Plane Spotting | Daily Planet | Air & Space Magazine

Plane Spotting

You'll find them at most any airport. Some spotters try to see every type of jet flown by a given airline, while others look for special liveries

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A P-3 lands at Key West NAS

Recently, after attending a car show with my son Ian, we investigated one of Miami International Airport’s best plane-spotting locations, nicknamed “The Holes,” for its openings in the airport fence. There we met Aaron Carter, monitoring traffic on an iPhone app.

Planespotters are motivated by different interests — some focus on civilian airliners, others strictly on military fighters or cargo aircraft. There even are sub-specialties: airline spotters sometimes try to see every example of a jet flown by a given airline, while others spot one-off special liveries, such as NFL team jets, Air New Zealand’s Hobbit-themed 777, or the Finnair A-340 emblazoned with Finnish designer Maija Isola’s 1964 floral prints. Either way, the spotters are patient hunters with an insider’s knowledge of where to go for the best view in a post-9/11 world of increased security.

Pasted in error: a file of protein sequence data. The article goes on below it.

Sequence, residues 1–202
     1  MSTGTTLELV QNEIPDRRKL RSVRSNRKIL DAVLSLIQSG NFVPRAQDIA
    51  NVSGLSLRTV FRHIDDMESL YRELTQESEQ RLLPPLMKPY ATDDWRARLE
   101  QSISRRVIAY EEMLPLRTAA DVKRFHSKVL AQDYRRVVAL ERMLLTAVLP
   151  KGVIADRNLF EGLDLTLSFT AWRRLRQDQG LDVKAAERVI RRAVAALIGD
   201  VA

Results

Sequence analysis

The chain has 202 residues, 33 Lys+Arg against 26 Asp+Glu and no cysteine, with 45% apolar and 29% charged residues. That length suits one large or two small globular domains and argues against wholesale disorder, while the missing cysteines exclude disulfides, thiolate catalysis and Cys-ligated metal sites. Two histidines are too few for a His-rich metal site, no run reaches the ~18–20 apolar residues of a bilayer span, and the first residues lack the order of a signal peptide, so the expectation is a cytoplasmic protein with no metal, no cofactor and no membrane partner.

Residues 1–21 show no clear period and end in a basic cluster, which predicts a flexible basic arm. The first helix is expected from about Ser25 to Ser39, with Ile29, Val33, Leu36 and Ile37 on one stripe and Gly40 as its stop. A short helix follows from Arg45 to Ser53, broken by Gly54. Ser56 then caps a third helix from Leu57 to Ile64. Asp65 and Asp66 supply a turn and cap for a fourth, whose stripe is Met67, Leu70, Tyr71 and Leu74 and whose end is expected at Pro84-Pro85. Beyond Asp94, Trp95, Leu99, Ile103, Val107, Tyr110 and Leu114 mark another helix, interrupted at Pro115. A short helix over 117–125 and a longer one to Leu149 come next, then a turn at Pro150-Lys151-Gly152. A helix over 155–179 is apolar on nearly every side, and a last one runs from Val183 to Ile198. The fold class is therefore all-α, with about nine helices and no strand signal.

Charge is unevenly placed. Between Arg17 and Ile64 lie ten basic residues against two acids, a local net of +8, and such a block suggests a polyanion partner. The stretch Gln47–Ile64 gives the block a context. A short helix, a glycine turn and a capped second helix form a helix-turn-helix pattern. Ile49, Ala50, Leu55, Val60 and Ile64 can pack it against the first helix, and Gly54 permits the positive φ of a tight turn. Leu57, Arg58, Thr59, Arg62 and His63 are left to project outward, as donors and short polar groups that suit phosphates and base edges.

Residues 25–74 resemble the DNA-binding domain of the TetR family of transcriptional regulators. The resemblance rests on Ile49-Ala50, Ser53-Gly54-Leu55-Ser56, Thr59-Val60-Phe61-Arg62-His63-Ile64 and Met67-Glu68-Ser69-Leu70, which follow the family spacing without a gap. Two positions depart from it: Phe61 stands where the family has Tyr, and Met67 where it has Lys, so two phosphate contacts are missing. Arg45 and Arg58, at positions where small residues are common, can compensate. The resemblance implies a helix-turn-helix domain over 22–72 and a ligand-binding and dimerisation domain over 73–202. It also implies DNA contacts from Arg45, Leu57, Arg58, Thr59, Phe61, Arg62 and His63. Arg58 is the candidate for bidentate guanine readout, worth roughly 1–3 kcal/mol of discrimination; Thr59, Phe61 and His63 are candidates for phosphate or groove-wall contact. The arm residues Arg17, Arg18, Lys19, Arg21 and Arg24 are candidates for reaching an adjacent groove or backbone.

Carter told us of having recently seen one of the new American Airlines 777-330 ERs in the carrier’s new paint scheme. American had kept its same look, largely unchanged, for 40 years: red, white, and blue stripes on unpainted aluminum skins. The motivation for the new look wasn’t marketing, but the nature of modern aircraft, whose composite skins would have to be painted silver to keep the same look. For American, as it merges with US Airways, the time was right for an update.

Plane-spotter Aaron Carter watching runway 12 action at MIA's "The Holes"

Carter’s iPhone told us that a British Airways 747 was inbound, but after it crossed the beach to our east, it was vectored to runway 8R, out of our view. We kept watching the traffic on his phone, and spotted a 737 go from a blip on the screen to a flash on the horizon, and then a rubber-screeching arrival right in front of us.

My family keeps a boat at Key West Naval Air Station, another great place to watch airplanes, including the P-3 Orion shown above, which blew our hair back as we huddled beneath the runway threshold. Indeed, spotting can get hazardous, as with this group that just missed being run over by a C-160 Transall that landed short and bounced off a road.

Want to check out the action at your local airport? Find the best fence-side views at www.nycaviation.com, or tell us your own favorites. Happy spotting!

 

About John Sotham
John Sotham

A former associate editor of Air & Space, John Sotham is a hopelessly nearsighted frequent flyer, with thousands of hours logged in exit rows worldwide. He is a U.S. Air Force Reserve colonel and a former crew chief on the F-4D Phantom II and A-10A “Warthog.” He started collecting aviation books when he was eight years old. Any opinions expressed are solely the author’s.

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